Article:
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Understanding font file formats(ttf, otf, woff, etc)

By Shash7. Posted on 6th Sep, 2022 - Updated on 18th Sep, 2022

Understanding font file formats(ttf, otf, woff, etc)

If you're a web designer, you may have heard of .ttf, .woff, .woff2 font formats.

However when developing a website, what font format should you actually use?

In this article I'll deconstruct font file formats and summarize which font formats should you use.

Common font file formats

  1. ttf file. When in doubt, use this format. .ttf files can be installed on Macs and PCs*

  2. otf file. Think of otf as a evolved version of the ttf file format. This version has many more capabilities including ligature support and alternative glyphs. For the most part, otf and ttf files are interchangeable and installable on Macs and PCs.

  3. woff file. This is a compressed version of the ttf file format and while it can dramatically reduce font size, its better to use woff2 these days. Note that .woff files can't be installed on Macs and PCs.

  4. woff2 file. The best font file format for the web. They have an extremely small size and are usually 3x smaller than their ttf equivalent. Note that .woff2 files can't be installed on Macs and PCs.

  5. eot file. This font file was only used by internet explorer. As of 2022, there's no good reason to use this file format.

  6. svg font file. Yes svgs can be used to render fonts. But it is a horribly outdated technique and you shouldn't use it. svg fonts files are also insanely big. Average svg font file's size is 5 - 8x the size of an equivalent ttf file.

Which font format is the largest

To test font file size differences, we loaded up Montserrat inside Transfonter and generated woff2, woff, ttf, eot and svg files.

Here are the size differences.

.woff2 was the smallest at 83kb. .woff was very close at 94kb.

There was a huge difference afterwards, with the .ttf file clocking at 225kb. eot came in at 226kb and svg came in at a whopping 1.8kb.

In conclusion, use woff2 for your website. And its supported by 98% of web browsers so you don't need a polyfill too.

How to convert font files

This is all great but you'll eventually need to convert font file formats to woff2.

Use Transfonter. They provide a simple user interface to convert fonts files. Just drag and drop your font files and it will convert them to the formats you check on the form. It generates a zip file you can simply unpack and use the css provided by them to get a kickstart on importing the font.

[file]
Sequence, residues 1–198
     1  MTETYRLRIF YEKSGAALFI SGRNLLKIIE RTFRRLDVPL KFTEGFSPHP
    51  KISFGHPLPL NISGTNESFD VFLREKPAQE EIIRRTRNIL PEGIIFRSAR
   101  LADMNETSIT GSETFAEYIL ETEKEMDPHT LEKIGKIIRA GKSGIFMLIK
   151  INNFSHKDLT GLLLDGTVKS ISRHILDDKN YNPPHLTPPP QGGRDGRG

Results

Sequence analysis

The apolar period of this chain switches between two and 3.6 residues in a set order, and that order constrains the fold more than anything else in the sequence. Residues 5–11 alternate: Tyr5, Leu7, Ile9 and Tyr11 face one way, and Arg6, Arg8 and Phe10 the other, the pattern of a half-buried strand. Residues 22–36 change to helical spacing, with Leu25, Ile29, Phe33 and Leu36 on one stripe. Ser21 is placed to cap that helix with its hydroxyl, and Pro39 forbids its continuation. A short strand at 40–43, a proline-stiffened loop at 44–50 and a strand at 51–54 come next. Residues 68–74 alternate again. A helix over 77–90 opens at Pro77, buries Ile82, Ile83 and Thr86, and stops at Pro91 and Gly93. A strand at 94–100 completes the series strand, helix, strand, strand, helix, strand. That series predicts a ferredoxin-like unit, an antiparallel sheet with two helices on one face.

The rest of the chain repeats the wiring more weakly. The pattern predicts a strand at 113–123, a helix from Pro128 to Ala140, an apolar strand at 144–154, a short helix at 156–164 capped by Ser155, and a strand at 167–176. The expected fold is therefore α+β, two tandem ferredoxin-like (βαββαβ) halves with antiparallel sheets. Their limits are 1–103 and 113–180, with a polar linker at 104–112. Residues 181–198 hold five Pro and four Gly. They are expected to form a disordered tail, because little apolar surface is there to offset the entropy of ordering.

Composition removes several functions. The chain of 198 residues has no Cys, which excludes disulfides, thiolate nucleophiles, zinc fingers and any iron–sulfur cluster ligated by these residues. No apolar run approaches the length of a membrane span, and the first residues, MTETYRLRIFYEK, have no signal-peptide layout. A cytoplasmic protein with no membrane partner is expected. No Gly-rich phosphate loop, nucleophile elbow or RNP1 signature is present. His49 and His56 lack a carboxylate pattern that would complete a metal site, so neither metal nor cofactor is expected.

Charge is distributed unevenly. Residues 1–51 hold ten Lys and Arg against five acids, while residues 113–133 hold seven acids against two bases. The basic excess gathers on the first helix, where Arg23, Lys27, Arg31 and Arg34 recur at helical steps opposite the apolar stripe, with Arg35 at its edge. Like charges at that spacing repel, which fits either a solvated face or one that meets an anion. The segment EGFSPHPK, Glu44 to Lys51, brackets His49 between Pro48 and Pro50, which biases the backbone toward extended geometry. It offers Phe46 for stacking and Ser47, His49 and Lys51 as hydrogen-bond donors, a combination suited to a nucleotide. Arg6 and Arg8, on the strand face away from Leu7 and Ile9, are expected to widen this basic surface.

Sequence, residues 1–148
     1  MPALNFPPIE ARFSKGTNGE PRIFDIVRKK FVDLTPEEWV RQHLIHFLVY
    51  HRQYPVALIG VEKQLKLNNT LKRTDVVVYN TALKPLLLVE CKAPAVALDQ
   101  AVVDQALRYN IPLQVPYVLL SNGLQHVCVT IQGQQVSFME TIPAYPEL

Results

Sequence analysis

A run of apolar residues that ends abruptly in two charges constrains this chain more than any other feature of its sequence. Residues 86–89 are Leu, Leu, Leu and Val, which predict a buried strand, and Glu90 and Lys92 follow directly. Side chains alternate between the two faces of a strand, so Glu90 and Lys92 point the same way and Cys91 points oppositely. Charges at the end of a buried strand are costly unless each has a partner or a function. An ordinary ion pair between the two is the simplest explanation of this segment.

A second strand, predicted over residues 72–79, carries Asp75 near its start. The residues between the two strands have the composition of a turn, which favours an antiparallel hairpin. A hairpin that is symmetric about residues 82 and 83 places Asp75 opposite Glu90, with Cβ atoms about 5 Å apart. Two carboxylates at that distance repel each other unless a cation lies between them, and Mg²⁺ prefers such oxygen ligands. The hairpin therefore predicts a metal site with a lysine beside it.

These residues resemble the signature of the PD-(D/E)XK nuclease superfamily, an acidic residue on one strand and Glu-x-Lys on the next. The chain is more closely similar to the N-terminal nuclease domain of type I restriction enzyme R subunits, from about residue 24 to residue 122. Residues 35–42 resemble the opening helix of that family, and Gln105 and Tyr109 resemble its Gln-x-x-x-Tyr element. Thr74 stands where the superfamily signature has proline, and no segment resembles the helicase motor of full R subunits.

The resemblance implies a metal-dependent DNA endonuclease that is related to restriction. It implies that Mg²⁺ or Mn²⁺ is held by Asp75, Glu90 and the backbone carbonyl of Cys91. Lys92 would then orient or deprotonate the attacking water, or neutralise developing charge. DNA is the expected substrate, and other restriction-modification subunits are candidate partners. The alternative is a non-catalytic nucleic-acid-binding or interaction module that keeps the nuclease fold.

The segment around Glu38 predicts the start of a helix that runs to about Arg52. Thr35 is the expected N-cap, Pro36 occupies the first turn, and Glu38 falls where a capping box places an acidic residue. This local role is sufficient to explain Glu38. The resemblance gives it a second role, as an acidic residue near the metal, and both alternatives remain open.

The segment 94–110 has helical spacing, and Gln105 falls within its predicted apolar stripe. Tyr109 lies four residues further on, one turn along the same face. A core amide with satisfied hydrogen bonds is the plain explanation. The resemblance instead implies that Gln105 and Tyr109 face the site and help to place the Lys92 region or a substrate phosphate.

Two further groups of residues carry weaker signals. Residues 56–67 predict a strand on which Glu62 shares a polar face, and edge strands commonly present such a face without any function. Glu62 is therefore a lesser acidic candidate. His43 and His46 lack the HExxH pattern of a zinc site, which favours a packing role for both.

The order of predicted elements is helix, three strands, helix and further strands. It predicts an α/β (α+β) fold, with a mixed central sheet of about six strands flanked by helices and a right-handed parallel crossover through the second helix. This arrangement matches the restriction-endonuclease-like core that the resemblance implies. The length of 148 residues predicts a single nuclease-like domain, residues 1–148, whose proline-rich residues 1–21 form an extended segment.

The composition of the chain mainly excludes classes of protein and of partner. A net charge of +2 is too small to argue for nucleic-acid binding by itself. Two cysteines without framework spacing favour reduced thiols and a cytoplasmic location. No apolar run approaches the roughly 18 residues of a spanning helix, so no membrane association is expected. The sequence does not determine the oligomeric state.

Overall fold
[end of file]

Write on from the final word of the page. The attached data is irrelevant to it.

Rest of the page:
Sadly, there's a glaring issue with Transfonter - it doesn't support variable fonts. This is something Snapfont will fix in the near future.

Which font format is best for copy protection

This one's for all the Typographers out there. If you're running a font foundry and want to protect your font, here are a couple of techniques.

  • Obfuscate your font file. Scramble the font names, metadata and other tables. Also load other dummy fonts on the same page and scramble their names

  • Load fonts via javascript when the webpage loads. Add an api key or a custom header to the request.

  • Make sure the font server only serves fonts if that custom header or api key is present. Also do referrer url based checking.

  • Use base64 format for serving fnts. This format is usually very hard to work with. Only drawback is - if you're loading a very large font family, this will add a noticeable lag when the page loads.

Truth to be told, these are all minor deterrances. If someone really wants your font files, they can easily get it. These techniques will only delay their time wasted in getting your fonts.

And an even better technique is to grab the font files from other websites who have paid for your fonts. Remember, you can only apply copy protection on your foundry website.

IMHO the best way ahead is to set a reasonable font license, publish on various marketplaces and actively market your font to web developers. This will get you a better ROI than copy protection.


When in doubt, use woff2 font. And if you can't - use woff.

But if you're a designer you'll find .ttf better as more design tools support it and it is installable on your device.


  • *You can install fonts on your Mac or PC and its available on every app automatically. For instance, if you're using Photoshop and want to use a specific font that's only available online, find the .ttf version of that font, download it and double click the file - and now its on your device.

  • Variable fonts don't have their distinct file font. A ttf font can be a variable/non-variable font. So can a woff font file too.

  • Cufon. Back in early 2010s when webfonts weren't fully supported, Cufon was a radical technique of rendering fonts. It basically replaced existing html characters with a canvas element that would render the font. Since then, its been rendered obsolete.

  • You can also encode fonts directly inside css as a base64 encoded font. However, this is not recommended as the font size will increase drastically and the your webpage will also load slower since parsing base64 encoded strings puts a lot of strain on javascript processing.